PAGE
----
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Brad Erickson on the Future of Big Tech Regulation

Does regulation of big tech pose a significant investment risk, or will the dominance of these companies override legislators’ ability to curtail their growth?

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By Brad Erickson
Published November 10, 2022 | 2 min read
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Key Points

  • Big tech companies are having an almost ‘tobacco industry’ moment, as their negative effects on society and the marketplace are not going unnoticed by investors.
  • On regulation, legislators face significant challenges relating to the vastly complex and fast changing nature of big tech companies.
  • M&A deals are a high priority for big tech companies, who must continue to increase their value proposition. But these deals are likely to be increasingly scrutinized and even blocked in the future.

Big tech companies dominate the internet and information technology industry. But, key players face a future riddled with regulation battles. The pandemic-induced acceleration of digitization bumped issues of data privacy, social media usage, cyber security and small business survival to the top of legislators' priority lists.

However, change is unlikely to come anytime soon. Regulation faces challenges on reaching global consensus, setting inconsistent legal precedents and keeping up with the fast-moving nature of the industry.

A ‘tobacco industry’ moment?

Critics of big tech claim the industry has reached a turning point. The toxic impact of social media platforms on mental health is becoming widely accepted, with high profile cases of mental illness in young people directly linked to usage.

Many big tech companies made changes that negatively impact different entities in the marketplace. Privacy changes and digital advertising algorithms are impacting the revenue-generation abilities of small businesses globally.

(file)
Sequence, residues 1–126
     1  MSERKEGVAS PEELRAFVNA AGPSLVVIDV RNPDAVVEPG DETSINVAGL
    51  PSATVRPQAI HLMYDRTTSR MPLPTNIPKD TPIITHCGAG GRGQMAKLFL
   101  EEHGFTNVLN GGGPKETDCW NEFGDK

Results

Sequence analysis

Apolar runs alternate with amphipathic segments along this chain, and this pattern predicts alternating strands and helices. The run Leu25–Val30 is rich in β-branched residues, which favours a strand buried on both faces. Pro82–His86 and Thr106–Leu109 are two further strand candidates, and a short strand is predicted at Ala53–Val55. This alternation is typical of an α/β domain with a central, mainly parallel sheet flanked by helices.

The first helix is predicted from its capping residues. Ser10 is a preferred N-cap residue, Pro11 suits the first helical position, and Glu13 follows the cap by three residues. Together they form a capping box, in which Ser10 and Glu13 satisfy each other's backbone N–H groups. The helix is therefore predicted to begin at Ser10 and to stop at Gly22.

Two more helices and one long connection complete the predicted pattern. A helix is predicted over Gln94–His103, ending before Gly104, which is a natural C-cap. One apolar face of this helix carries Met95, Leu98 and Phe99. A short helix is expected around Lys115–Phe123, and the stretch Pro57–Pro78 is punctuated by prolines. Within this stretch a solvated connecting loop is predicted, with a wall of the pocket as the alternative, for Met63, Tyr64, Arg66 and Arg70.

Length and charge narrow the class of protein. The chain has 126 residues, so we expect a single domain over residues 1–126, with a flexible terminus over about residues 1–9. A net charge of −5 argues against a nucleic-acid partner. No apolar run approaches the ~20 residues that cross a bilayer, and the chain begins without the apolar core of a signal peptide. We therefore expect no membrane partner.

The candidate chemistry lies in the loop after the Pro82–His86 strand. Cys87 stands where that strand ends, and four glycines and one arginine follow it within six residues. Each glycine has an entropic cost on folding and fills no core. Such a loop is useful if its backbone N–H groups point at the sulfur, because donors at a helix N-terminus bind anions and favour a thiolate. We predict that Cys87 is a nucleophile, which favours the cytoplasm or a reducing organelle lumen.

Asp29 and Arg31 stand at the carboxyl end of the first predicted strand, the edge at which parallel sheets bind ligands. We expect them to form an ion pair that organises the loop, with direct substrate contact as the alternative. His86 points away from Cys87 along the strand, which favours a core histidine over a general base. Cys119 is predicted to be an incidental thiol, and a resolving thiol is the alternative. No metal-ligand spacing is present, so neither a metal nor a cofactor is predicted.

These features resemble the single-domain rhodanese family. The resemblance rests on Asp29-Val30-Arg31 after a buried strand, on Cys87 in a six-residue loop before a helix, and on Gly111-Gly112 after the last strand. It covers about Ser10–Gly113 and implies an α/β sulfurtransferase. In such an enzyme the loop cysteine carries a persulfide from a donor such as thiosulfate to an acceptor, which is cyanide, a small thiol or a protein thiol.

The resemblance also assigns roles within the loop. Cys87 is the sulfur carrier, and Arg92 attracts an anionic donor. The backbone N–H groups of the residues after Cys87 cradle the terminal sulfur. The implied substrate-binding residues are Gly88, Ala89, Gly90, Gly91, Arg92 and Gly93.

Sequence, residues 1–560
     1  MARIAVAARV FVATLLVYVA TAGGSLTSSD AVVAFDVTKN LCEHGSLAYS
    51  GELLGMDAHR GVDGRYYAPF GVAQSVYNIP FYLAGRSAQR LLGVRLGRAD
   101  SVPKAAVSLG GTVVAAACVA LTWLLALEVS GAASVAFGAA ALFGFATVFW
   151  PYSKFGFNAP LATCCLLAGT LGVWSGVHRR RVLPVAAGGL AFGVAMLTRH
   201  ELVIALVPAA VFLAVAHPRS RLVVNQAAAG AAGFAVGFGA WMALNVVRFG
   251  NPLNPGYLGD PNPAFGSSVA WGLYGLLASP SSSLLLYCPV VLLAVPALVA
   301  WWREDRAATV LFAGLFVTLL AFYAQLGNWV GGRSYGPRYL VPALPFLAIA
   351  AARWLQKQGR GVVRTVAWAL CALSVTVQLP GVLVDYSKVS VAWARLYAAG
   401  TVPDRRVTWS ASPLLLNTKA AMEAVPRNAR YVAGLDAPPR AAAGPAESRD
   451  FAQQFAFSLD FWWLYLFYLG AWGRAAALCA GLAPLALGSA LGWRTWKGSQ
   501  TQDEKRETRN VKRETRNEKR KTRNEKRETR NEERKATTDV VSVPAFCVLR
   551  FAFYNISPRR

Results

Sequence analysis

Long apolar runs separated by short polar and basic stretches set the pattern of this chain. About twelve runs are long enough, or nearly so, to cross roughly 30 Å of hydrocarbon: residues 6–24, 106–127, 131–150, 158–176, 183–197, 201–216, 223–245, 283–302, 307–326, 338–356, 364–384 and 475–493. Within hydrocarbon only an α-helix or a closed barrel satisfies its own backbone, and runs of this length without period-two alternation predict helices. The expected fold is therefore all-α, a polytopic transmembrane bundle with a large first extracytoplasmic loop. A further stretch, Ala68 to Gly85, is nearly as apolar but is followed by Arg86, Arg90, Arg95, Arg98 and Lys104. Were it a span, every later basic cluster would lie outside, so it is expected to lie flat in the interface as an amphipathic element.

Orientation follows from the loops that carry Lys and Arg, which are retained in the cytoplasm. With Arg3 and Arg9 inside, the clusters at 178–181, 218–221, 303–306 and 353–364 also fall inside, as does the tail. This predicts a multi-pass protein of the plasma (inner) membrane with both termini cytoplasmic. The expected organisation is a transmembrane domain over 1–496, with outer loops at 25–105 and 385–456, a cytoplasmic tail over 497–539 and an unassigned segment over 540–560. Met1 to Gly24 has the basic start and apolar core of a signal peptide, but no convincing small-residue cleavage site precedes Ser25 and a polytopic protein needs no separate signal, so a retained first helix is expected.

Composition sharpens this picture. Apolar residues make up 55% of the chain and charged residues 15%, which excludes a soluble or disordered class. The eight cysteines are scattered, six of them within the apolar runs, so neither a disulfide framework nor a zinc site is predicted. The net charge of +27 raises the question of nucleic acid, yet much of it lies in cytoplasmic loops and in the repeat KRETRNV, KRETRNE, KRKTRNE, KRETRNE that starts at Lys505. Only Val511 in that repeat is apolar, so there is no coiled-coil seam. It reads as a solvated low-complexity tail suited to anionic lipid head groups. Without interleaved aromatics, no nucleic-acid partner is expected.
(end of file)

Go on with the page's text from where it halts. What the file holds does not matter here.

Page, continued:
Despite these issues, big tech platforms are intertwined into the fabric of society. Can their dominance be regulated? What risks do these issues pose to future investment opportunities?

The reality of regulation

When it comes to the reality of regulation, change isn’t expected to arrive soon. Regulators are under resourced and face a vastly complex and continually changing industry. We feel that without the creation of a specialized digital regulatory agency that is empowered to take a firmer stance on the role of big tech, there will be a long and drawn-out battle over regulation in the future. Real change may be slow to occur.

Big tech companies are digitally native, data-centric and interconnected businesses. Therefore, they retain a powerful position in the market. Their dominance makes dividing and containing them an immense challenge. Coming to a consensus over the harms caused by these digital platforms is also problematic, as well as any broader agreement on how to reduce these harms.

Another issue lies in the legality of singling out big tech companies based on their prevalence. Curtailing the ability of one company to sell first party products in a bid to protect small business is arguably discriminatory, and sets a difficult legal precedent.

Looking ahead

One avenue the Federal Trade Commission (FTC) might pursue is to prevent profitable businesses subsidizing less profitable businesses, forcing the latter to function alone. This would disrupt common big tech models, which benefit from significant market share as a result.

A drastic shift that poses the most notable regulatory risk could arrive with changes to M&A. The FTC has already started to block some meaningful deals, and we expect more of that in the future. Big tech companies must continue to grow value over time, and most platforms would like to expand into end markets. After a certain point in their business journey, the only real remaining avenue to achieve this growth is in the pursuit of other platforms.

As a result of the pandemic, which highlighted digital transformation, it has never been easier to identify secular trends in relation to big tech. But today’s economic volatility and market turbulence is making it more of a challenge to capitalize on these trends.

Despite this, when imagining the future of big tech regulation, the risk appears more moderate than it may typically be perceived by the market.

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